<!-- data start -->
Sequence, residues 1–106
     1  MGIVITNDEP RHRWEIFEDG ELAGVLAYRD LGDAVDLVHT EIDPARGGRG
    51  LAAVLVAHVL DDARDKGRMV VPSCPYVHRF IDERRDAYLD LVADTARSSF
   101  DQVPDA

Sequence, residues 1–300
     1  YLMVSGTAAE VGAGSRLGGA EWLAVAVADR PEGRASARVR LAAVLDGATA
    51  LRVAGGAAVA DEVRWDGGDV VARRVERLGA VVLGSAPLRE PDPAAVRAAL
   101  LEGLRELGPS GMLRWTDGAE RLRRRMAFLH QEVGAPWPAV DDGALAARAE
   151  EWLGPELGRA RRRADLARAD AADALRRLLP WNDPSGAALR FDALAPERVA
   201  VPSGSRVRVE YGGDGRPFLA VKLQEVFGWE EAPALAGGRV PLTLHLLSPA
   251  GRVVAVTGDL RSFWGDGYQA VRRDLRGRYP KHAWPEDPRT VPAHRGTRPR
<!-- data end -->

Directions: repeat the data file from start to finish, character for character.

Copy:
Sequence, residues 1–106
     1  MGIVITNDEP RHRWEIFEDG ELAGVLAYRD LGDAVDLVHT EIDPARGGRG
    51  LAAVLVAHVL DDARDKGRMV VPSCPYVHRF IDERRDAYLD LVADTARSSF
   101  DQVPDA

Sequence, residues 1–300
     1  YLMVSGTAAE VGAGSRLGGA EWLAVAVADR PEGRASARVR LAAVLDGATA
    51  LRVAGGAAVA DEVRWDGGDV VARRVERLGA VVLGSAPLRE PDPAAVRAAL
   101  LEGLRELGPS GMLRWTDGAE RLRRRMAFLH QEVGAPWPAV DDGALAARAE
   151  EWLGPELGRA RRRADLARAD AADALRRLLP WNDPSGAALR FDALAPERVA
   201  VPSGSRVRVE YGGDGRPFLA VKLQEVFGWE EAPALAGGRV PLTLHLLSPA
   251  GRVVAVTGDL RSFWGDGYQA VRRDLRGRYP KHAWPEDPRT VPAHRGTRPR